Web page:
Writing a book? Buy a computer programme

writing-algorithmPhil Parker is unlike any writer you’ve ever met – or read for that matter. That’s because he doesn’t write most of his books. Instead, the trained economist uses sophisticated algorithms that can pen a whole book from start to finish in as little as a few minutes. The secret is sophisticated programming mimicking the thought process behind formulaic writing. It can take years to create these programs, but once completed, new books can be churned out in minutes.

This method has led to Parker’s company – ICON Group International Inc – auto-writing more than a million titles, mostly nonfiction books on very specific subjects. But there’s poetry, too – see an example at right. (Parker says most poetry is governed by strict formulas.) He claims he’s basically applying 19th Century Taylorism to the publishing industry, emulating the famous auto manufacturer’s process.

Parker’s work isn’t publishing’s first foray into auto-writing, but up until now, most, like companies like Chicago-based Narrative Science and North Carolina’s StatSheet, focused on short, formulaic sports and crime writing for newspapers, not full-length books.

Parker says the average researcher spends 40 to 50% of their time reading other people’s work. That, coupled with relatively short careers, leads to burnout, and stymies discovery. He says his innovation helps free up time to focus on discovering new data.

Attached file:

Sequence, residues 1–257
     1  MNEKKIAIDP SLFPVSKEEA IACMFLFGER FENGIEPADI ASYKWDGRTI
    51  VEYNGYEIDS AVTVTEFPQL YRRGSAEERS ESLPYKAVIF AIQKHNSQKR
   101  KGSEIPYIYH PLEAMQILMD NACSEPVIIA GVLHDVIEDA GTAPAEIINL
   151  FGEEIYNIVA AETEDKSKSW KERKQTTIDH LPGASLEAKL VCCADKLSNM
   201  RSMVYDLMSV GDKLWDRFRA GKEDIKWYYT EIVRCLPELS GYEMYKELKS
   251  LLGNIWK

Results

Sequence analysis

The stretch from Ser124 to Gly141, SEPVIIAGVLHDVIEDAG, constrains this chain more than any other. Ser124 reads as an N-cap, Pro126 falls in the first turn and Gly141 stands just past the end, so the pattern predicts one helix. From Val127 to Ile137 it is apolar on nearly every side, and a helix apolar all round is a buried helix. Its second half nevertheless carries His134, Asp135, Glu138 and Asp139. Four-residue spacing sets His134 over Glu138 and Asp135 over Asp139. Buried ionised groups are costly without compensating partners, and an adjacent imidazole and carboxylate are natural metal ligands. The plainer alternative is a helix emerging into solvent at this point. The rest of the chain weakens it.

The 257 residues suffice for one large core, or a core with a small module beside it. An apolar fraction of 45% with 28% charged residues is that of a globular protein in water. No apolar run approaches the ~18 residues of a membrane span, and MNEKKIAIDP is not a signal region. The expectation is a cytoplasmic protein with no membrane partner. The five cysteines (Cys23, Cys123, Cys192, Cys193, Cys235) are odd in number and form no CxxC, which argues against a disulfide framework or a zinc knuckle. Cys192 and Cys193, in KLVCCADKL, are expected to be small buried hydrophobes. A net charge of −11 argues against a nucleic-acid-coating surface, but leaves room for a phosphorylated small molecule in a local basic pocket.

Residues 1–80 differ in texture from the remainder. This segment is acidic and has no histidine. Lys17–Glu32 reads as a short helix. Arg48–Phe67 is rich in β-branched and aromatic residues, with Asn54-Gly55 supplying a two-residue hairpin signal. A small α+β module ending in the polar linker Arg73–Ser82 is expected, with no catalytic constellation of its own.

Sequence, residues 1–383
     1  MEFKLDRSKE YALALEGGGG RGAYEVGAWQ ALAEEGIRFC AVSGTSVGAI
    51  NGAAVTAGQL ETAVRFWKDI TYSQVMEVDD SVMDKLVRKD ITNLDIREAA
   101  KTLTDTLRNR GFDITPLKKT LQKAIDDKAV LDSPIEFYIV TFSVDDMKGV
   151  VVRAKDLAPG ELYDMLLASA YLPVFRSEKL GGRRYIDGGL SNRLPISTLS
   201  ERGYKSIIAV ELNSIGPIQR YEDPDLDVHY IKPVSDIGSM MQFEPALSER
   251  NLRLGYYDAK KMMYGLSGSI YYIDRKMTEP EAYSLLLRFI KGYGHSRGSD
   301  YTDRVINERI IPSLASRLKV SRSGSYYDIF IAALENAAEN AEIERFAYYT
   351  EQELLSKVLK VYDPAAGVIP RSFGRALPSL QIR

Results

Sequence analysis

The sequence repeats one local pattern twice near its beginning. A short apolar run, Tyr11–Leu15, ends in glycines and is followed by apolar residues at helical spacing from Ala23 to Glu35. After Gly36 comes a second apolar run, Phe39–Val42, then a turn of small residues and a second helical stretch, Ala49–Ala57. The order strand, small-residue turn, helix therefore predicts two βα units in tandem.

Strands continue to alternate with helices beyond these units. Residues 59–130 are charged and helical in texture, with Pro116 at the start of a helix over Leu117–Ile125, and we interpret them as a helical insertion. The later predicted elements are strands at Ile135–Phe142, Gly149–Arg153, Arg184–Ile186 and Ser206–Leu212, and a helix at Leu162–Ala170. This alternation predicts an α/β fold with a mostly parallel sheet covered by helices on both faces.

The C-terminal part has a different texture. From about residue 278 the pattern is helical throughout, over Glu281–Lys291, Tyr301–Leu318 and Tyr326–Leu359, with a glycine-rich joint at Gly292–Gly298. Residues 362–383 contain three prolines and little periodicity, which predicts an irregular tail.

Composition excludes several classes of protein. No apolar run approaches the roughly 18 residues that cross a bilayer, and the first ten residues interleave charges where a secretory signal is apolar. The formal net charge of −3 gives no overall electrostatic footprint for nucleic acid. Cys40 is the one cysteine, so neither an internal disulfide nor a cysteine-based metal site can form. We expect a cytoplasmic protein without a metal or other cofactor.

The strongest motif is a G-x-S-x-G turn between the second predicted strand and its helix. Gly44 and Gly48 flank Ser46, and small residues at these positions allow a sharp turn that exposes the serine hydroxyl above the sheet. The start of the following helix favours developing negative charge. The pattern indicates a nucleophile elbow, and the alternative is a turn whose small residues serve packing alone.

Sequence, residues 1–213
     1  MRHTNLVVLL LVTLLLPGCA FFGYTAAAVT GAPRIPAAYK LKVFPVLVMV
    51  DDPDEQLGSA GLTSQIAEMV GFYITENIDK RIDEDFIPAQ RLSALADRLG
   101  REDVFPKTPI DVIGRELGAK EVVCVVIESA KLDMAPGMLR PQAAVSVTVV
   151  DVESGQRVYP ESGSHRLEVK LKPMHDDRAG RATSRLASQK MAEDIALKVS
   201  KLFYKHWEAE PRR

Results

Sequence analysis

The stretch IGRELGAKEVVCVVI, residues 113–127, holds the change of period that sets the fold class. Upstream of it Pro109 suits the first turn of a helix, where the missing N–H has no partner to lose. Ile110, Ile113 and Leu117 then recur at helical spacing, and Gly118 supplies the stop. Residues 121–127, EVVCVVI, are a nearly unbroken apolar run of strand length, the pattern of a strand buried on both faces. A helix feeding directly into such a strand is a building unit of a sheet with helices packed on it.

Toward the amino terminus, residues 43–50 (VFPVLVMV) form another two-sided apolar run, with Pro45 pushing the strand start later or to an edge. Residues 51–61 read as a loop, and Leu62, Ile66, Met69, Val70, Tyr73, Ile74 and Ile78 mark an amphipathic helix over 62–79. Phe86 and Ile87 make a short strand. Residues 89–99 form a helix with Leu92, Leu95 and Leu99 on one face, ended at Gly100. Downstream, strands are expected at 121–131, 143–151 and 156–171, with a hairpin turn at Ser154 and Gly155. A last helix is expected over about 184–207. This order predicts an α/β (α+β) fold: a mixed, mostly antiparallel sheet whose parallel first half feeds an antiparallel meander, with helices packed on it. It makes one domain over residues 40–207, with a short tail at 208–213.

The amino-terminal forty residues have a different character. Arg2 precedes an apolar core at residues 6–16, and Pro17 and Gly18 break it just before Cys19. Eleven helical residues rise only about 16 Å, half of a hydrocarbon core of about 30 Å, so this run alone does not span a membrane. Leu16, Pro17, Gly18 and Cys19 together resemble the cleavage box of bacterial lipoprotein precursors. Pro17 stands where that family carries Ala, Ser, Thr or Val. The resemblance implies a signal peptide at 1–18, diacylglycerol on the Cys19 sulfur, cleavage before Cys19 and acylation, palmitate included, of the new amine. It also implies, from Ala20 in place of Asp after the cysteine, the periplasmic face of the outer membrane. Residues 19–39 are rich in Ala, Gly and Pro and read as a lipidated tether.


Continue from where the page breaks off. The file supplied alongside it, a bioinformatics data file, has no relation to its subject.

“I’m excited,” Parker says. “[It could help] some diseases in the world of agriculture and plant diseases, especially … If I can find the formulated methodology behind the science, ultimately, a computer might write that.”

Parker explains the value of the algorithm as a tool to map different species, which can then be cross-referenced and used as a matrix of data to map and compare different flora and fauna.

“In essence, you have a computer program guessing what scientists will discover and then writing a report of findings of what you see in nature,” he says. “The application of these kinds of things can open windows to subjects that people didn’t know were there … Right now, there are 400,000 plant species and sub-species out there in the world. Research and agriculture has only been able to cover about 1% of those species. But some of [them] could be very, very useful.”

How useful remains to be seen. Parker says he plans on making his findings public knowledge, and is already publishing to totoagriculture.org, a site that shares world-agriculture information. Still, he’s tentative, though results have been positive so far.

“We’re posting the facts that might be an engine for a formula,” he says. “I want to be very careful with the academics. We have already done it for chromosome counts; predict the chromosome counts within plant species. The results were pretty encouraging.”

Those results include naming new species. “It’s [the algorithm is] predicting the language that people would use.”

Parker’s been at this for years. His formula, originally used for printing, is able to churn out entire books in minutes. It’s similar to the work being done by Narrative Science and StatSheet, except those companies are known for short form auto-writing for newspapers. Parker’s work is much longer, focusing on obscure non-fiction and even poetry.

It’s not creative writing, though, and Parker isn’t interested in introspection, exploring emotion or storytelling. He’s interested in exploiting reproducible patterns — that’s how his algorithm can find, collect and “write” so quickly. And how he can apply that model to other disciplines, like science.

What remains to be seen is whether his new data model will revolutionize the world of deductive reasoning and, beyond that, medicine, forensics, or other scientific disciplines.

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